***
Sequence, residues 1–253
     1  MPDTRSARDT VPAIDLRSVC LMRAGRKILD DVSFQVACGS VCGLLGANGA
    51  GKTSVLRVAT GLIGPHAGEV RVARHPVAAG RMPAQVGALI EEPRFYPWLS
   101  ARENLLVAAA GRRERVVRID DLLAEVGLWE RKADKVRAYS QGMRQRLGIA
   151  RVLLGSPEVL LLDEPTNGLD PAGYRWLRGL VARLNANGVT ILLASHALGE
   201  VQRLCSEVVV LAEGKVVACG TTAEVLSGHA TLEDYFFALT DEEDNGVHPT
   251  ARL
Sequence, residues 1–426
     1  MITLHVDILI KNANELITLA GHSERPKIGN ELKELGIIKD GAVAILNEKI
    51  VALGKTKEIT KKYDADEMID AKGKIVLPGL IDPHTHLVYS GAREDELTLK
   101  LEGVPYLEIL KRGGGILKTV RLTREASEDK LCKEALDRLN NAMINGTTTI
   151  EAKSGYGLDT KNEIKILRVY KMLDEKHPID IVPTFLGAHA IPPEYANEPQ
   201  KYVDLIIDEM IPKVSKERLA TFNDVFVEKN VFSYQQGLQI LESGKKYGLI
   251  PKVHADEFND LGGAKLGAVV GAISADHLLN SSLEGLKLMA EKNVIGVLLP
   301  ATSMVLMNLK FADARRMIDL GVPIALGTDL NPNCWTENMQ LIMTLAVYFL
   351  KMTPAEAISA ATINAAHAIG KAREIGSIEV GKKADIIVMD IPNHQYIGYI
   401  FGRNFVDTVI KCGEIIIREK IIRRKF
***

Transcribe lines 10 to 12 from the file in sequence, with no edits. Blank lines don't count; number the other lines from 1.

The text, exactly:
    51  VALGKTKEIT KKYDADEMID AKGKIVLPGL IDPHTHLVYS GAREDELTLK
   101  LEGVPYLEIL KRGGGILKTV RLTREASEDK LCKEALDRLN NAMINGTTTI
   151  EAKSGYGLDT KNEIKILRVY KMLDEKHPID IVPTFLGAHA IPPEYANEPQ